Binance may have lied to US lawmakers, argue senators: Report
U.S. senators asked the Justice Department to investigate whether the crypto exchange made a false statement to Congress in a letter earlier this year.
Binance may have misled lawmakers in the United States about its business dealings and relationship with its local unit in a letter sent in March, Bloomberg reported on June 8.
In a letter sent to United States Attorney General Merrick Garland, Senators Elizabeth Warren and Chris Van Hollen asked the Justice Department to investigate whether Binance made a false statement to Congress earlier this year. In a lawsuit filed on June 5, the Securities and Exchange Commission alleged that Binance’s global entity and American unit were commingled.
In March, three U.S. Senators led by Warren sent a letter to Binance CEO Changpeng “CZ” Zhao and Binance.US CEO Brian Shroder questioning the exchange’s operations and requesting balance sheets. At that time, the senators alleged that Binance and its American arm attempted to evade local regulators, avoid sanctions, and facilitate money laundering.
Nearly three weeks later, Binance chief strategy officer Patrick Hillman sent the requested documents to Congress along with a 14-page letter diving into the exchange’s compliance history, recognizing previous mistakes and claiming the firm has built solid Know Your Customer and Anti-Money Laundering policies in the past years.
Why does Binance.US independence matter?
The independence of Binance.US from its global unity is critical for two reasons — regulatory jurisdiction and liability in the event of a failure — Syracuse University law professor Jack Graves told Cointelegraph.
“If you don’t keep them independent, then the U.S. regulators will go after Binance International and say we have jurisdiction because you are acting through the U.S. entity. And in fact, I think the SEC is looking at that,” said Graves.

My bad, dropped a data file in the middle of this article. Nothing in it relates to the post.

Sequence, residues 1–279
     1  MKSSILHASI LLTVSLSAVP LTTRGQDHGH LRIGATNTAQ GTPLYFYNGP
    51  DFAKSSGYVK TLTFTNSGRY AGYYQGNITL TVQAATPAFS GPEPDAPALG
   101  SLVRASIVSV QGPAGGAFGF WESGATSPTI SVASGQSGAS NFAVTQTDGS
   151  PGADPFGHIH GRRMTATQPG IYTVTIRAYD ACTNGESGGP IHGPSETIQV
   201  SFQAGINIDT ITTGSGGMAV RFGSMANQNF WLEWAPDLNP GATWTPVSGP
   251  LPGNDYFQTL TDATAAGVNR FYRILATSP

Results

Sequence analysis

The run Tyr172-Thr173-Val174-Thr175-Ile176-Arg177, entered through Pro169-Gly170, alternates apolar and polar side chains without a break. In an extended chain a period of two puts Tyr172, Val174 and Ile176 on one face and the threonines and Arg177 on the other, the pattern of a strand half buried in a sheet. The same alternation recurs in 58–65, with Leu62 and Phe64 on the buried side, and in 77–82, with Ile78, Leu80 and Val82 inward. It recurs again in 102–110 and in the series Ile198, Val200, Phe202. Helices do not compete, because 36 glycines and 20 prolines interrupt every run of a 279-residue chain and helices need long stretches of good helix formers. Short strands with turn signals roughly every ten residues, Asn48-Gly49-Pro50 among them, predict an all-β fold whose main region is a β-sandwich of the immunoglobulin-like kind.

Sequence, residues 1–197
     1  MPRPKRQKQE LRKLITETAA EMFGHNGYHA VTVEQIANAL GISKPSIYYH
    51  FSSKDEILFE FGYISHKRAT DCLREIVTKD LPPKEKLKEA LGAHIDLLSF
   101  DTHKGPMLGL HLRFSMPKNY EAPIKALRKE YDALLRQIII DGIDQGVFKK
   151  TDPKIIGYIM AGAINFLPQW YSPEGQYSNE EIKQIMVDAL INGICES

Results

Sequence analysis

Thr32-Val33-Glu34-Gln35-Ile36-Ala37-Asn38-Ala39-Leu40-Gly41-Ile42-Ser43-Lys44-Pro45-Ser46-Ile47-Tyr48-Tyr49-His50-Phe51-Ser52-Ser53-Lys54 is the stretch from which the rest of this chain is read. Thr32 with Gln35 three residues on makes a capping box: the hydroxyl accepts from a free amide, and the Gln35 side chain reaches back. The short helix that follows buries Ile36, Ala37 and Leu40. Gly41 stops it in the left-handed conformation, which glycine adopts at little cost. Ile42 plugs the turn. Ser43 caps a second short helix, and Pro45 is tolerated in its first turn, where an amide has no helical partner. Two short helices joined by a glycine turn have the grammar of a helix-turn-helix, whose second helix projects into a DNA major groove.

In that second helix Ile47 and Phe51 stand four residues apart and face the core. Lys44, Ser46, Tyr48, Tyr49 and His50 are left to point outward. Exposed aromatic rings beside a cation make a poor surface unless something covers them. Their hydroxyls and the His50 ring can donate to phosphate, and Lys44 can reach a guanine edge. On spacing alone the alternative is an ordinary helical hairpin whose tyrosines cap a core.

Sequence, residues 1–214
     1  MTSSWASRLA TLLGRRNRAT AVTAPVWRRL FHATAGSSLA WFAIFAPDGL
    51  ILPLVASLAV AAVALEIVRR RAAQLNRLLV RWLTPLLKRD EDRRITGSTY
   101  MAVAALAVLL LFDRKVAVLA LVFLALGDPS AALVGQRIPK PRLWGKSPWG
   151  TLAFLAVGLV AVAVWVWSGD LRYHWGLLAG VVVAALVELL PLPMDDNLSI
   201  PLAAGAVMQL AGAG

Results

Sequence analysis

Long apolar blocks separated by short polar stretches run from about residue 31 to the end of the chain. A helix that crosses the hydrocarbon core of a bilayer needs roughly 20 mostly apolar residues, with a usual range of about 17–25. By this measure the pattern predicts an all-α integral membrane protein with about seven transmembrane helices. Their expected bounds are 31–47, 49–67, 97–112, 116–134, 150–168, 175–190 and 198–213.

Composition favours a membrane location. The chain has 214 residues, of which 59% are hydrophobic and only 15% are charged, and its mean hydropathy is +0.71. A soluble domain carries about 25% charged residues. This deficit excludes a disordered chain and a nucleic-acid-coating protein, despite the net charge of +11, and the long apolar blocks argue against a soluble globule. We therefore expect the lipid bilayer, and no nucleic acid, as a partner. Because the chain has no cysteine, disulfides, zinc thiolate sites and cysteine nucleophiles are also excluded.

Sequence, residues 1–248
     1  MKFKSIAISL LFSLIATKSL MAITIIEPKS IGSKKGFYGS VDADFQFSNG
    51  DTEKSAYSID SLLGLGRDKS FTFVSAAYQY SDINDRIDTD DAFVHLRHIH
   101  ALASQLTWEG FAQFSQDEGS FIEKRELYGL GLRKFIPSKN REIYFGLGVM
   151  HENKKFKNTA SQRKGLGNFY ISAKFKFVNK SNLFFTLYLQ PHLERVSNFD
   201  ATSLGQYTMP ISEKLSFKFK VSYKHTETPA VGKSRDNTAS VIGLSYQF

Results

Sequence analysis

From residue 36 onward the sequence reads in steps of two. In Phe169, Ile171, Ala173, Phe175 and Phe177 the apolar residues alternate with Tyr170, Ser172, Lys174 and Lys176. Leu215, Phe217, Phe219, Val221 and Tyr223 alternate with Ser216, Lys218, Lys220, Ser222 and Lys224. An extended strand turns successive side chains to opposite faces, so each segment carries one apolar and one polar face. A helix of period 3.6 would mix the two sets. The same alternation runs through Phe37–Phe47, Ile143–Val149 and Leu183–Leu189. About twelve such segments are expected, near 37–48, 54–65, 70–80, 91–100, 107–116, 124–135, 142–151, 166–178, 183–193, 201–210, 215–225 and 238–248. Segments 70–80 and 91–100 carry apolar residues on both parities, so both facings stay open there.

The second relevant aspect lies in the possibility of Binance.US going bankrupt. Graves noted that there is a basic principle that a corporation, and not its owners, is responsible for its debts. “So, as long as Binance.US is fully independent, and it ends up in bankruptcy, Binance International is not obligated to pay the debts of Binance.US.”
If the companies were commingling funds, the owners, which is Binance’s global unit, would be responsible in the event of bankruptcy. “That’s why the corporate veil, in effect, provides limited liability for the owners. And a parent corporation, like Binance International, it’s just like any other owner: It’s protected. It’s protected from liability as long as those companies are truly independent,” Graves continued, explaining that there may be exceptions.
On June 5, the companies issued separate responses to the SEC lawsuit. Binance’s global unit claimed it had “actively cooperated with the SEC’s investigations and […] worked hard to answer their questions and address their concerns.” The exchange also said, “While we take the SEC’s allegations seriously, they should not be the subject of an SEC enforcement action, let alone on an emergency basis.”
Binance.US tweeted that the SEC’s claims are its “latest example of regulation by enforcement.” The suit “is baseless, and we intend to defend ourselves vigorously,” it continued.
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